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A Cross between David Tennant & Keanu Reeves?

Click here to hear my dulcet tones woo you to sleep

I just received my copy of the audiobook of “The Self Illusion” which I recorded some weeks back in deepest Leicestershire. As I noted in my earlier post, recording an audiobook is much harder than it might seem but I am pleased to say that I love the finished product. Not because I am in love with hearing my ‘self’ speak (who is?) but the guys at WholeStory audiobooks have done such a fine job of making me sound good. So good in fact that one of my Tweeter followers (@seansterooney) said I sound like a mix of David Tennant (Dr. Who) and Keanu Reeves. Boy those guys at WholeStory must be wizards!

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Psychology Today

I have just started a blog on Psychology Today. Why write two blogs you might ask? Well Psychology Today is an edited site that has certain rules about what can be blogged so I want to retain my own independence. I also want the freedom to talk about the more unsavory side of humanity that might be considered too risque for Psychology Today. On the other hand, they have a much larger potential reading audience so I want to be able to access that demo.  Anyway, here is my first blog for them reproduced below.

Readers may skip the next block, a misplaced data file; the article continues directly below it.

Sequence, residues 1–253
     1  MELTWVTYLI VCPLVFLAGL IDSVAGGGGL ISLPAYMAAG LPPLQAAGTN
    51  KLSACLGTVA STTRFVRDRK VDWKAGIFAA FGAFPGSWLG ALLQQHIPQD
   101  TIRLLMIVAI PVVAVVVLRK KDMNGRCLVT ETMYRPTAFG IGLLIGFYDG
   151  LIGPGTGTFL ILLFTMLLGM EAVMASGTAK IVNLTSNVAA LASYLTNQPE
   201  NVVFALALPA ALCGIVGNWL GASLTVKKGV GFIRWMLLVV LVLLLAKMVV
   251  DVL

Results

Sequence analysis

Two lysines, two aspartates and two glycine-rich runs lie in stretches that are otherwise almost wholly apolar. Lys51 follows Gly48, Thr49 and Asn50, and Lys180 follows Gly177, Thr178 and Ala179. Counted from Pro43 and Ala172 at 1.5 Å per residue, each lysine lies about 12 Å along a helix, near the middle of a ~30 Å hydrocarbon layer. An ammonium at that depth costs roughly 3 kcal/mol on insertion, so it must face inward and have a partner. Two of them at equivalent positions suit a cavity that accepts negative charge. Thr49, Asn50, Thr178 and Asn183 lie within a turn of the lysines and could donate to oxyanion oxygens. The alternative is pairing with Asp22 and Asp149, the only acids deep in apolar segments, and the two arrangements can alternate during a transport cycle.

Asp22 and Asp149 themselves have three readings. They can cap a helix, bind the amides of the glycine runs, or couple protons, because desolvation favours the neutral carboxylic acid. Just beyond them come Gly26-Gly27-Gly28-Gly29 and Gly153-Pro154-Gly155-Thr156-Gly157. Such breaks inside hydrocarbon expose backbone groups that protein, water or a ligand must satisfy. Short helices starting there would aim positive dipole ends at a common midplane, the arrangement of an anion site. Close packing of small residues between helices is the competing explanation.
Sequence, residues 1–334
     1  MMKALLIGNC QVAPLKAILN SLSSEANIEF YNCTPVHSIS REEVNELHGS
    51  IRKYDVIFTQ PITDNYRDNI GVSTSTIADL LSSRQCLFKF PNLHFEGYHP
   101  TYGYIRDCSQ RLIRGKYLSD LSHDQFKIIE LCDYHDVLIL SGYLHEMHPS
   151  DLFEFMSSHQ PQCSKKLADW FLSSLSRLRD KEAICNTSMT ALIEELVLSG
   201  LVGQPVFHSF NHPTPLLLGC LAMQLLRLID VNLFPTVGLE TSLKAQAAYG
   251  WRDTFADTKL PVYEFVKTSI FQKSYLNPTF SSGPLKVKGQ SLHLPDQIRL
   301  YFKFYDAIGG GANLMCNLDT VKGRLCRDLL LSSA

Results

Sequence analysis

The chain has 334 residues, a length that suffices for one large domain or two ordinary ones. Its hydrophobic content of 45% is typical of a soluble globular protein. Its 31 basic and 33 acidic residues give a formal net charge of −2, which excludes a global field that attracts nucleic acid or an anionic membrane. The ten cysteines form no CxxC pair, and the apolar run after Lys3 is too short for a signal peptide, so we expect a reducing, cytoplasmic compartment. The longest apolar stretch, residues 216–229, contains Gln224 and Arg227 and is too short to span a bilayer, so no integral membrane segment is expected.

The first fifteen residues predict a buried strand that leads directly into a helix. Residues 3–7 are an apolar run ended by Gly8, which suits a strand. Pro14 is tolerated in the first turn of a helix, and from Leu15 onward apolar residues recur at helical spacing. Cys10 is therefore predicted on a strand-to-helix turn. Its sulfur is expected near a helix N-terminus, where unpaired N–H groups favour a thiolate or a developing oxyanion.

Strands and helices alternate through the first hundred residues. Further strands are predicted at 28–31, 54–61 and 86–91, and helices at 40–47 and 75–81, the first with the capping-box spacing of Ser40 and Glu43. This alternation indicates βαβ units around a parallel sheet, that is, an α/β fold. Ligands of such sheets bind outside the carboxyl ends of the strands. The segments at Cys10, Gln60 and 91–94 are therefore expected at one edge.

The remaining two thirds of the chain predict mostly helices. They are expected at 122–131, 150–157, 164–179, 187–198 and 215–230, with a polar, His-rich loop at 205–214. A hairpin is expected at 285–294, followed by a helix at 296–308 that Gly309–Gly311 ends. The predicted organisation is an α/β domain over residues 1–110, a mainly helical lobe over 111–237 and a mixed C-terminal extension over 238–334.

Well, what should be my very first blog for Psychology Today? I have had a look through the help pages and the do’s and don’ts of blogging on this site. Rule 2 is that there should be no “Blatant self-promotion.” That’s a bit of a tough one for me at the moment given that my blog is all about the illusion of the self and this is also the very week that a certain book on this very topic by this very same author has been launched in the UK. At the danger of incurring the wrath of the editors (they do have the power to pull any blog that defies the rules), then let me briefly write about something that I had forgotten was the negative side of publishing books.